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The Millennial Makeover Part 1

It's no longer OK to lump these groups together, now it’s important to understand their role as both business and leisure travelers.

Monday, January 20, 2014
Teresa Lee
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During the past year, a lot has been said and happened in regards to Millennials and the hospitality industry. For example, there was exciting news from Marriott and Commune Hotels with the announcement of new brands geared towards Millennials, Moxy and Tommie, respectively. But due to the intense interest in the next generation of travel, a lot of noise has been added to the conversation as well, with the same repetitive points being made. Millennials are technologically savvy. Obviously. They are social and want a lobby design to reflect that where they can interact with others, but also practice isolated togetherness. Got it. Be on social media and connect with them instead of just pushing promotions. Yes, is this 2009? These are all things that should have been realized and acted upon by now. I summarized all these and the other top ten travel trends for Millennials a year ago. The one thing that has not changed is the huge spending potential from this age group and the need for the industry to capture their business and fit their lifestyle.

These sweeping generalizations about millennials are not enough anymore. To truly gain their loyalty and thus, the money in their pockets, hoteliers and others in the travel industry must segment the millennial generation even further: Millennial business travelers versus millennial leisure travelers. This article will go through the top two trends and opportunities in each of these segments and give one millennial’s (read: my) viewpoint on each of these trends.


1. Millennials spend more per business trip than non-millennials.

Companies should be offering more amenities to generate additional revenue that millennials are willing to spend money on.

Due to their younger age group and point of their career they are in, it would be expected that millennials account for a lower number of business trips annually. However, there seems to be a geographical divide. BCG reports that millennials currently account for approximately one-third of US business travelers, but is expected to increase to 50% by 2020, while Baby Boomers will drop to 11%. This strong demand from millennials is forecasted for the next fifteen years. Only 28% of American millennials report taking four or more business trip annually compared to 45% of non-millennials. It was also reported that Millennials take more trips related to training, recruiting, and conferences than client site visits or client relations; again, due to the stage of their career millennials are currently in. On the other hand, according to a global study conducted by Expedia and Egencia, millennials worldwide (considered 30 and under) travel 4.7 times annually for business versus 3.6 times for 31-45 year-olds, and 4.2 times for 46-65 year-olds. No matter the debate over the number of trips millennial business travelers are taking, it is clear the huge potential of business this generation currently and will continue to represent in the future.

Another large potential of millennial business travelers is that they spend more per trip compared to non-millennials due to more last-minute booking, refundable tickets, and itinerary changes. Millennials are 60% more likely to upgrade their seat to another with more leg room and spend more on in-flight entertainment, which results in Millennials paying 13% more for airfare than non-Millennials. Not only do they use more amenities on board, but they also use more amenities at the airport. This is in line with the finding that millennials are freer with company money than their own. 42% of millennials will spend company money on high-end meals compared to 26% of non-millennials. Millennials are also more likely to order room service , four times more likely to pay for wifi onboard, and two times more likely to download and watch in-flight entertainment. This all means more spending and more opportunities for the travel industry to earn revenue by offering amenities millennials are willing to pay for. This significant amount of spending highlights the largest potential in millennials: gaining their loyalty as business travelers. Not only does this capture the business demand that will only grow, but also will also carry their loyalty over to when they travel for leisure.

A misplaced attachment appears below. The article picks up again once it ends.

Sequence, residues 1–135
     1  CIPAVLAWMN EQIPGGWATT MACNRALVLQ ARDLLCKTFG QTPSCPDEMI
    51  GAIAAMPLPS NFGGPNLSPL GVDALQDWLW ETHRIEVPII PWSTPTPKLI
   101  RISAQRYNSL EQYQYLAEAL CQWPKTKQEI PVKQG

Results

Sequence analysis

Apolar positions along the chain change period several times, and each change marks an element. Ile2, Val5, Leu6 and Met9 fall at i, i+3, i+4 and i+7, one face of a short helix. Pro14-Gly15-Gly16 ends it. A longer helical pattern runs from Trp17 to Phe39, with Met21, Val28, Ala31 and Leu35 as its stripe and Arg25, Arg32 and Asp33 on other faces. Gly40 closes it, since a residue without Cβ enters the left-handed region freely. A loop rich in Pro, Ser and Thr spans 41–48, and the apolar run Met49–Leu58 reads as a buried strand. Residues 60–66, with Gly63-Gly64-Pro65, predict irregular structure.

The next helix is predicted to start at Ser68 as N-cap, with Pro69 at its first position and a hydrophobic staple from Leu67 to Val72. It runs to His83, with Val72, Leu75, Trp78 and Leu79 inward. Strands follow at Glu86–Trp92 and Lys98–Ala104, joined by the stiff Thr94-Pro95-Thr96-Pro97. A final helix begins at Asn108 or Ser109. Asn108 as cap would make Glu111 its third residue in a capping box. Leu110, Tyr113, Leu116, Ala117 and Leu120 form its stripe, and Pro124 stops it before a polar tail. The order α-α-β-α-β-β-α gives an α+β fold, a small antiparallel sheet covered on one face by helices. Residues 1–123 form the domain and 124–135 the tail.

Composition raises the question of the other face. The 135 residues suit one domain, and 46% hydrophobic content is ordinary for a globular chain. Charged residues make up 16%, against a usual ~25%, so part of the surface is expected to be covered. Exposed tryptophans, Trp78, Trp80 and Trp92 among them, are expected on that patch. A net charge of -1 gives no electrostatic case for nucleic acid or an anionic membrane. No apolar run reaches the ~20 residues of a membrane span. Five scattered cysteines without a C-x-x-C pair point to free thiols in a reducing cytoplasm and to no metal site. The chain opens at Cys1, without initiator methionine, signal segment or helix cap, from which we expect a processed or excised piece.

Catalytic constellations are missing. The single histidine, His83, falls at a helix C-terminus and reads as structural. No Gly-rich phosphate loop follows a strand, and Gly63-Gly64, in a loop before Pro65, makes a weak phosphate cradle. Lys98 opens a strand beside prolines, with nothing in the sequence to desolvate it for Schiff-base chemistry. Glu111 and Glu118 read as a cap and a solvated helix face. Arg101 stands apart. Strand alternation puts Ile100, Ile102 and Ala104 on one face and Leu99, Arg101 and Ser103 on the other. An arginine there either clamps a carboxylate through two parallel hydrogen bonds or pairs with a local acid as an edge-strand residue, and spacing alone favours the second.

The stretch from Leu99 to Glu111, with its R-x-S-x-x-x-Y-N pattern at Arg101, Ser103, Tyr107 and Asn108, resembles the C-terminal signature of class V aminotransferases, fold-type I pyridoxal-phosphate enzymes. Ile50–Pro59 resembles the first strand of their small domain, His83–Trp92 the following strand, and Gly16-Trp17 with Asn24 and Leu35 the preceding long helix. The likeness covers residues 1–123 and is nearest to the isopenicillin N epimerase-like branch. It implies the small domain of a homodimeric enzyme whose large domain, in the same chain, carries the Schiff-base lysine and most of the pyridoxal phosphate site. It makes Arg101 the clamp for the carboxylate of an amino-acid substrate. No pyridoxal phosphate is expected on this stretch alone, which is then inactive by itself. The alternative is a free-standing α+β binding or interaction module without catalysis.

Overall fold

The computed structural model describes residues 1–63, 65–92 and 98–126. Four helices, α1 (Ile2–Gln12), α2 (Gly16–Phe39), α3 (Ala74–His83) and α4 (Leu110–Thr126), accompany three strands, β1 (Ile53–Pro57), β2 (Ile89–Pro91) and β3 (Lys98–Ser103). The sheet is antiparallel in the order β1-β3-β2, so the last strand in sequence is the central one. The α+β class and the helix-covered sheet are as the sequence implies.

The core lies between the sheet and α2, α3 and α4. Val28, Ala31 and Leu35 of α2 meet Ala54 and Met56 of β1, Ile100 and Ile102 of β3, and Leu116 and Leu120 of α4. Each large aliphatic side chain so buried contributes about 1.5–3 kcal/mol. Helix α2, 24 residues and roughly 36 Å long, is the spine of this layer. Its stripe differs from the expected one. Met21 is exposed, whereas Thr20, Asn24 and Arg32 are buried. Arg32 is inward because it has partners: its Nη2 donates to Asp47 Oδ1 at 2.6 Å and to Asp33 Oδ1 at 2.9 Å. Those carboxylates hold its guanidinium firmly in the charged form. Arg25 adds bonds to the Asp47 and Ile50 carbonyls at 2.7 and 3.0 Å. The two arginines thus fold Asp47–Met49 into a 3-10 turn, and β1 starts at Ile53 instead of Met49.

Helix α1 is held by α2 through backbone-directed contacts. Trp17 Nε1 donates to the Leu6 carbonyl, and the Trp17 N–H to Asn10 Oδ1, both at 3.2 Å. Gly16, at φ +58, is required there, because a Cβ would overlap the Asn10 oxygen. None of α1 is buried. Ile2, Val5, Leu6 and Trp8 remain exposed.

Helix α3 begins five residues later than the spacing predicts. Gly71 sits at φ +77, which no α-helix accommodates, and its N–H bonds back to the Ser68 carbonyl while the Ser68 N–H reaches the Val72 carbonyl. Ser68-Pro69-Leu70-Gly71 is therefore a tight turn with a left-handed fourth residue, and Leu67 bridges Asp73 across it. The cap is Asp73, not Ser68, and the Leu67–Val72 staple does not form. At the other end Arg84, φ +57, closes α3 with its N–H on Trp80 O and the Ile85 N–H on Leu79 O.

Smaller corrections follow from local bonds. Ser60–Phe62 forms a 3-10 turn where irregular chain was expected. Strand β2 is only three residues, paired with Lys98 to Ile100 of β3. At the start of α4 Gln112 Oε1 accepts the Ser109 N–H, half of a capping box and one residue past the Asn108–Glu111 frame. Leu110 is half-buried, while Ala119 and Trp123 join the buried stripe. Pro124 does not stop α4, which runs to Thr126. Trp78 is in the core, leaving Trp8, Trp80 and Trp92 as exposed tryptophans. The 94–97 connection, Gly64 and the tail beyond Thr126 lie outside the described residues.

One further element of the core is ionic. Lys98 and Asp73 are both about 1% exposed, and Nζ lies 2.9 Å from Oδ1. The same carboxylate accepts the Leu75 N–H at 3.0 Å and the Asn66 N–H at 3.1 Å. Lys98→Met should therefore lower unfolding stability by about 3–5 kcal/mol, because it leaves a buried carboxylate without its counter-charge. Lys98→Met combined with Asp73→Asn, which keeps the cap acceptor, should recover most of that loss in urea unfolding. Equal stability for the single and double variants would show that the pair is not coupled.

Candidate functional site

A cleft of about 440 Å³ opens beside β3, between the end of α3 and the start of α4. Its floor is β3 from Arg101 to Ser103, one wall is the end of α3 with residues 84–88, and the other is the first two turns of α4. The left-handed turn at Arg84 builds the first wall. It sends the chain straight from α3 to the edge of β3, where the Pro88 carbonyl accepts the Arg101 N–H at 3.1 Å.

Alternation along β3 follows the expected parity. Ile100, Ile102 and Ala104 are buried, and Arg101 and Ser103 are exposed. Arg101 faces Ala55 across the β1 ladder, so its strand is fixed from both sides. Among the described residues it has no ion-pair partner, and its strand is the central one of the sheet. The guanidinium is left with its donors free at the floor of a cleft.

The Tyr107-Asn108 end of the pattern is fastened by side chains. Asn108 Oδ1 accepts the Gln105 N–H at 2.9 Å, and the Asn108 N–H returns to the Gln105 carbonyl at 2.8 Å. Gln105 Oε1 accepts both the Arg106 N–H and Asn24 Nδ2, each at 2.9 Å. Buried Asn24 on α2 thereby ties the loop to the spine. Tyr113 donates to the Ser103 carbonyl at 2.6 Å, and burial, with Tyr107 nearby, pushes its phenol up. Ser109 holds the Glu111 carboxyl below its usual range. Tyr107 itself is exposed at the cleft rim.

Millennial Viewpoint:
The finding from Expedia that millennials are freer with company money is not surprising. I have eaten steak on business trips simply because I cannot afford it in New York City. I live in one of the most expensive cities in the world and pay an exorbitant amount of rent on a typical post grad salary. One steak dinner on my own dime would blow my monthly food budget out of the water. On my first training assignment, my training manager explained it to me this way, “We are inconvenienced by travel, and thus we can expense overpriced food at the airport if we are hungry.” That has been my viewpoint ever since. Don’t get me wrong, my company has limits and I never order anything unreasonable, but I do believe it is in my right to budget my daily allowance as it pleases me. If I hardly eat breakfast and get fast food for lunch because I am rushing between meetings and site visits, I feel that I am entitled to a pricier steak dinner if it is within my daily allowance. Or as a female traveler, I sometimes go to a grocery store and stock my hotel mini fridge with yogurt and fruit for breakfast because I want to be healthy and this is honestly the most economical situation as well. I think that is absolutely fair. We millennials don’t mind playing an antiquated game, but we will play them using our rules.